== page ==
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Bow season safety

Bow season safety Bow season safety

Big week this week. All of bear hunting opens today when the dog hunters join the hunt, and Saturday is the bow opener. A little something to raise the hopes of everyone heading to the woods this weekend; a good buddy of mine harvested a whitetail buck on North Dakota’s bow opener that green scored 196 inches and change. A buck of several lifetimes on the opener harvested almost 60 days before the rut.

With the start of archery comes a lot of treestand use. Treestand injuries pose the greatest risk to any hunter right now, but especially the archery hunter. They warrant another look and reminder of how to safely use them, because we will use them. They are efficient and they provide so many advantages to the hunter.

The big thing is to use a safety harness from the ground to the stand and back to the ground again. Use tree steps that are not spaced too far apart. Use enough steps to be able to climb above the standing platform and step down onto the platform when getting in the stand. That also means that you have enough steps that extend high enough above the stand for hand grips allowing you to step down when entering. Getting out of the stand is the opposite, you should be able to step up for the first step and maintain three points of contact with hands and feet while getting into, out of, or climbing.

Ladder stands account for the highest number of falls and most occur while setting the stand up. Follow the instructions and have a line securing it to the tree before climbing up to tighten straps. Make sure the securing strap didn’t sun rot if the stand remained in the tree from the previous year. A friend of mine was seriously hurt because a rotted strap broke as he climbed into the stand. A lot of surgeries, pain, lost hunting, lost family time, lost work, and he still limps ten years later.

Use a pull rope to bring your bow and pack up into the stand and back to the ground so you have two hands for climbing and are better balanced.

One treestand safety video I saw worded it like this. “The safer you hunt from a treestand, the safer and more comfortable you will feel in it. You will spend more time hunting and have better shot placement. It will make you more successful.” Crossbows have helped keep hunters hunting for more years and allow hunters to improve their success. But crossbows have been the source of a lot of self-inflicted injuries in the recent years - serious injuries. If your fingers or hand get in the way of the bow string on a crossbow you will need a hand surgeon. Surgery is going to happen - most likely that night. Hunters have lost fingers, thumbs, and worse. When shooting a crossbow always be aware of the location of your fingers on the foregrip of the stock, and be sure to keep them out of the path of the bowstring. If your crossbow has safety wings, be sure to keep your fingers below them. After loading the arrow, be sure to check that it is pushed all of the way back into the trigger box, and that the nock is making proper contact with the string. These injuries don’t make the news, but they do change hunters’ lives.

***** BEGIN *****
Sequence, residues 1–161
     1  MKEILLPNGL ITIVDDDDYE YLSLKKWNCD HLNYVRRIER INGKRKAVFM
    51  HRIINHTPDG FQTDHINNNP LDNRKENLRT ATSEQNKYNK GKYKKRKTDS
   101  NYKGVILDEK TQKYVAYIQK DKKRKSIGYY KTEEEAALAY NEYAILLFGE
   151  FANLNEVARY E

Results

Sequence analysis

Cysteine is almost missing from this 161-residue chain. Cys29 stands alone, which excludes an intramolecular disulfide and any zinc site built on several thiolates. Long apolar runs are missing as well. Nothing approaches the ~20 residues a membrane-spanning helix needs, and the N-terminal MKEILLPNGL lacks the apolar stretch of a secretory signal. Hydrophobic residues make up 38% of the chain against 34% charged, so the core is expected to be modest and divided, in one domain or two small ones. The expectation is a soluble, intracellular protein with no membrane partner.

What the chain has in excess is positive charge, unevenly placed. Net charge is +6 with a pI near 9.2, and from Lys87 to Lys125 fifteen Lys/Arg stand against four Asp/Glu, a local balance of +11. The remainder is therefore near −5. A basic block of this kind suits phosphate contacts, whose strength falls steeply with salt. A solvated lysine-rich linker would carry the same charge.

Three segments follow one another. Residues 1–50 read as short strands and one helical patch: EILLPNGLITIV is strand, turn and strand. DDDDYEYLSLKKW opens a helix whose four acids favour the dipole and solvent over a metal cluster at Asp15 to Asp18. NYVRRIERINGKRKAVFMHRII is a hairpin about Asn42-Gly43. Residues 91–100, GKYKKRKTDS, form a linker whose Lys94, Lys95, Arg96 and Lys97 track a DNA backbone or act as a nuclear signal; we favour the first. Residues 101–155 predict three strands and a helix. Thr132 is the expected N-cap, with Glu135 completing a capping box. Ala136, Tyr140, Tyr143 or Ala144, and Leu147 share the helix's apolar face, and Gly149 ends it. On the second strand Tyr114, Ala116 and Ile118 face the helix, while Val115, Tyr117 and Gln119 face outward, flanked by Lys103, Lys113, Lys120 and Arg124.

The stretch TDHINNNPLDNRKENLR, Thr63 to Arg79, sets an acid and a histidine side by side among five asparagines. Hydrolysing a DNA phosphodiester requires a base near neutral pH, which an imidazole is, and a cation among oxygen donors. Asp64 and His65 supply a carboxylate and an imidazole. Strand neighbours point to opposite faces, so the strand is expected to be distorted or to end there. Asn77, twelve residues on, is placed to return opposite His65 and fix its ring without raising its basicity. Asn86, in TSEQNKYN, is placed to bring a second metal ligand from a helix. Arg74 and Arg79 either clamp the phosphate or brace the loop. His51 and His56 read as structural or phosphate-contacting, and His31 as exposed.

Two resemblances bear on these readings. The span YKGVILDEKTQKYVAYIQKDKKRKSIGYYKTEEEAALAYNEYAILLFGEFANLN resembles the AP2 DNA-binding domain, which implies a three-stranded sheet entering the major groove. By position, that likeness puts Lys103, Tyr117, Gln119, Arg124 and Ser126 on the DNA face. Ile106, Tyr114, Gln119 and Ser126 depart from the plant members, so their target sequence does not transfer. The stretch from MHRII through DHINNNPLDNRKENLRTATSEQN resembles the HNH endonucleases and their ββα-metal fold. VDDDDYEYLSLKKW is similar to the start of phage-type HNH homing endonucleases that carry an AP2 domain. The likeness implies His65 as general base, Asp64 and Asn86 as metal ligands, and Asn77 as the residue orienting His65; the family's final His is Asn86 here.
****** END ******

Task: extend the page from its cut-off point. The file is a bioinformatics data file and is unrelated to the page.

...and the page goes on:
Time for a little more on shooting a buck of a lifetime on opening day of the archery season. It’s a very impressive buck that ran close to 300 yards across a field before dropping. I’m sure Dusty was watching it run and thinking “OMG did I miss it?” Probably the longest 20 seconds of his life.

Shooting a 196 inch buck would mean knowing for the rest of your life your best day of hunting is behind you and the meat would probably be tough. Maybe it’s better to pass it and let someone else wreck their hunting for life. He disagrees, of course.

Opening weekend provides an opportunity to shoot a mature buck before the rut. It often gets overlooked by hunters who specifically target mature bucks. The smell of the leaves, the sounds of the woods, the things we see, the cool breeze, the solitude, and the escape from the toils of daily life greet the early season hunter like an old lost friend.

Good luck everyone and please remember: Safe Hunting is No Accident!

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